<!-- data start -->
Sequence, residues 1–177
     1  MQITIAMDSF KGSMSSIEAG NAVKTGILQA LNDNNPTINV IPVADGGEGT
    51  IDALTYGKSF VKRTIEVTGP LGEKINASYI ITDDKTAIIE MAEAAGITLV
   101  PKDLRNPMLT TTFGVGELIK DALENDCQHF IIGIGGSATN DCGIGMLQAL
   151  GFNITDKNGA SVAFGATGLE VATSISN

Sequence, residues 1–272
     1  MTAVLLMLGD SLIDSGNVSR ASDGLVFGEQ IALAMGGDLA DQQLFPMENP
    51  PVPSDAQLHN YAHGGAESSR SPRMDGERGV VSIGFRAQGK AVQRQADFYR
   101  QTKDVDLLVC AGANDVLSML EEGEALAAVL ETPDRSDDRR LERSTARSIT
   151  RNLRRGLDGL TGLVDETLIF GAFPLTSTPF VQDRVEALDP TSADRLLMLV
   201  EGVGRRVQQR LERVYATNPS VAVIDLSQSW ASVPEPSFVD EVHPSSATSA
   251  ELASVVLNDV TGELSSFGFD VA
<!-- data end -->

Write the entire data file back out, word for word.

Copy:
Sequence, residues 1–177
     1  MQITIAMDSF KGSMSSIEAG NAVKTGILQA LNDNNPTINV IPVADGGEGT
    51  IDALTYGKSF VKRTIEVTGP LGEKINASYI ITDDKTAIIE MAEAAGITLV
   101  PKDLRNPMLT TTFGVGELIK DALENDCQHF IIGIGGSATN DCGIGMLQAL
   151  GFNITDKNGA SVAFGATGLE VATSISN

Sequence, residues 1–272
     1  MTAVLLMLGD SLIDSGNVSR ASDGLVFGEQ IALAMGGDLA DQQLFPMENP
    51  PVPSDAQLHN YAHGGAESSR SPRMDGERGV VSIGFRAQGK AVQRQADFYR
   101  QTKDVDLLVC AGANDVLSML EEGEALAAVL ETPDRSDDRR LERSTARSIT
   151  RNLRRGLDGL TGLVDETLIF GAFPLTSTPF VQDRVEALDP TSADRLLMLV
   201  EGVGRRVQQR LERVYATNPS VAVIDLSQSW ASVPEPSFVD EVHPSSATSA
   251  ELASVVLNDV TGELSSFGFD VA